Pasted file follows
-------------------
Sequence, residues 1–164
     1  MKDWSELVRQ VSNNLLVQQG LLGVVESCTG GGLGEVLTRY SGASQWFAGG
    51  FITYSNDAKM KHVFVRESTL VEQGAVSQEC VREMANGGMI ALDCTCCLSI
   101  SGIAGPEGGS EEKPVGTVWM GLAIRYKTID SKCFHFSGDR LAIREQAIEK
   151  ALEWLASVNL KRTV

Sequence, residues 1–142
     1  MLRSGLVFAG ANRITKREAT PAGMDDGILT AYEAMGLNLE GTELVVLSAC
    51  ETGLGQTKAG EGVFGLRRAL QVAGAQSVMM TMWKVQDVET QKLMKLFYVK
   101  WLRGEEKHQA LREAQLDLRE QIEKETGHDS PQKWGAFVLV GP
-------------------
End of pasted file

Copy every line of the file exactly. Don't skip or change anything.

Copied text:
Sequence, residues 1–164
     1  MKDWSELVRQ VSNNLLVQQG LLGVVESCTG GGLGEVLTRY SGASQWFAGG
    51  FITYSNDAKM KHVFVRESTL VEQGAVSQEC VREMANGGMI ALDCTCCLSI
   101  SGIAGPEGGS EEKPVGTVWM GLAIRYKTID SKCFHFSGDR LAIREQAIEK
   151  ALEWLASVNL KRTV

Sequence, residues 1–142
     1  MLRSGLVFAG ANRITKREAT PAGMDDGILT AYEAMGLNLE GTELVVLSAC
    51  ETGLGQTKAG EGVFGLRRAL QVAGAQSVMM TMWKVQDVET QKLMKLFYVK
   101  WLRGEEKHQA LREAQLDLRE QIEKETGHDS PQKWGAFVLV GP